Massachusetts General Hospital

For more information on research advances at Massachusetts General Hospital visit: http://www.massgeneral.org/anesthesia/research/?display=news

Our 5 most important research advances over the past year are:

1. Purdon PL, Pierce ET, Mukamel EA, Prerau MJ, Walsh JL, Wong KFK, Salazar-Gomez, AF, Harrell PG, Sampson A, Cimenser A, Ching S, Kopell N, Tavares-Stoeckel CL, Habeeb K, Merhar R, Brown EN. Electroencephalogram signatures of loss and recovery of consciousness from propofol. Proceedings of the National Academy of Sciences, 2013 Mar 19;110(12):E1142-51. doi:10.1073/pnas.1221180110. Epub 2013 Mar 4.
PMID: 23487781.

This research provides a detailed characterization of how the electroencephalogram (EEG) changes as a patient loses consciousness and recovers consciousness under general anesthesia induced by propofol. This work demonstrates that that there are specific EEG signatures associated with unconsciousness. Tracking these signatures provides a clinically useful way of knowing how unconscious a patient is under general anesthesia.

2. Solt K, Van Dort CJ, Chemali JJ, Taylor N, Brown EN. Electrical stimulation of the ventral tegmental area induces reanimation from general anesthesia.
Anesthesiology, In Press, 2013.

In clinical practice, emergence from general anesthesia is treated as a passive process dictated by the pharmacokinetics of anesthetic drug clearance. Our group previously reported that methylphenidate (Ritalin) induces reanimation, or active emergence, from general anesthesia. Methylphenidate acts by blocking dopamine reuptake in the brain, so we hypothesized that intracranial electrical stimulation of dopamine neurons would induce reanimation from general anesthesia. The ventral tegmental area (VTA) and the substantia nigra (SN) are the two main dopamine nuclei in the brain. We discovered that VTA stimulation, but not SN stimulation, induces reanimation from general anesthesia. The role of dopamine neurons in behavioral arousal has not been well characterized previously, and our data suggest that VTA neurons (but not SN neurons) play a critical role in promoting wakefulness.

3. Stewart DS, Hotta M, Li GD, Desai R, Chiara DC, Olsen RW, Forman SA. Cysteine substitutions define etomidate binding and gating linkages in the alpha-M1 domain of gamma-aminobutyric acid type A (GABAA) receptors. J Biol Chem. 2013 Oct 18;288(42):30373-86. doi: 10.1074/jbc.M113.494583.Epub 2013 Sep 5.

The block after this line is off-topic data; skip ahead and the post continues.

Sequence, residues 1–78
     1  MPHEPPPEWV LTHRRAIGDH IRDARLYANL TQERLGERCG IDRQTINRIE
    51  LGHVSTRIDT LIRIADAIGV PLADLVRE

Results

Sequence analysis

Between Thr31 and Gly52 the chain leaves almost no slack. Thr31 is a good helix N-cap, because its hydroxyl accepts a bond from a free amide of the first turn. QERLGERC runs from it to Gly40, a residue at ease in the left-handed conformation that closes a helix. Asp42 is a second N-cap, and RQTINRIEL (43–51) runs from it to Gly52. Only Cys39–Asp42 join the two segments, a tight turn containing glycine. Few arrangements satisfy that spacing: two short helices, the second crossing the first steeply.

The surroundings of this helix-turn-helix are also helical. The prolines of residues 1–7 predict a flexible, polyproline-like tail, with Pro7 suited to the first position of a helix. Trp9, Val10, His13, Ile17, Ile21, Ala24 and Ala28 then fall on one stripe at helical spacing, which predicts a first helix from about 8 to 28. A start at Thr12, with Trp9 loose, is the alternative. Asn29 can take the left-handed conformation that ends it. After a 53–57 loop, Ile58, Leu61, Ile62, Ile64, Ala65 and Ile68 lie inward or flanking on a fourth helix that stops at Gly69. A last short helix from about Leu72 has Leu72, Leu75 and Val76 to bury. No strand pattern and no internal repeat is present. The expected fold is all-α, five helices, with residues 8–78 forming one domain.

Etomidate is a potent general anesthetic that acts through GABA-A receptors, binding at sites formed in part by alpha subunit transmembrane M1 domains. This study aimed to define amino acid residues on alpha-M1 that contact etomidate or otherwise mediate its effects at the molecular level. A series of 13 amino acids bracketing the etomidate-photolabeled residue alpha-M236 were mutated to cysteines. The cystenine substituted receptors were expressed in Xenopus oocytes and their function was studied using two-micro electrode voltage-clamp electrophysiology. Each mutant was characterized for GABA sensitivity, etomidate sensitivity, and functional effects of covalently modifying the engineered cysteine with para-chloromercuribenzene sulfonate (pCMBS). Modifiable mutants were firther tested to see how etomidate affected cysteine modification. In silico docking of etomidate to a structural homology model of wild-type GABA-A receptors was also performed.

4. Zhang X, Xin X, Dong Y, Zhang Y, Yu B, Mao J, Xie Z. Surgical incision-induced nociception causes cognitive impairment and reduction in synaptic NMDA receptor 2B in mice. J Neurosci 2013, 33:17737-17748.

Up to 80 percent of surgical patients in the U.S. have some level of postoperative pain, and several studies have suggested that pain could contribute to the development of postoperative cognitive dysfunction. This is the study to demonstrate that surgical incision-induced pain in mice selectively reduces the expression of synaptic NMDA receptor 2B in the medical prefrontal cortex. This leads to hippocampus-independent cognitive impairment, as measured by the Fear Conditioning Test. These effects may be due to an elevation of TNF-a and CDK-5 caused by pain from the surgical incision. These data suggest that pain may play a role in inducing postoperative cognitive dysfunction.

5. Lim G., Kim H, McCabe MF, Chou CW, Wang S, Chen L, Marota JJA, Blood A, Breiter HC, Mao J. A leptin-mediated central mechanism in analgesia-enhanced opioid reward in rats. J Neurosci, 2014, 34:9779-9788.

Opioid analgesics are commonly used in chronic pain management despite a potential risk of rewarding. However, it remains unclear whether opioid analgesia would enhance the opioid rewarding effect thereby contributing to opioid rewarding. This study showed that analgesia induced by morphine increased CPP score in arthritic rats, producing a phenomenon of analgesia-enhanced opioid reward. At the cellular level, administration of morphine activated a cascade of leptin expression, glial activation, and dopamine receptor upregulation in the nucleus accumbens (NAc), while administration of ibuprofen decreased glial activation with no effect on leptin expression in the NAc. Futhermore, the morphine rewarding effect was blocked in leptin deficient ob/ob mice or by neutralizing leptin or interleukin - 1ß in the NAc without diminishing morphine analgesia. The data indicate that systemic opioid can activate a leptin-mediated central mechanism in the NAc that led to the enhanced opioid rewarding effect. These findings provide evidence for an interaction between opioid analgesia and opioid rewarding, which may have implications in clinical opioid dose escalation in chronic pain management.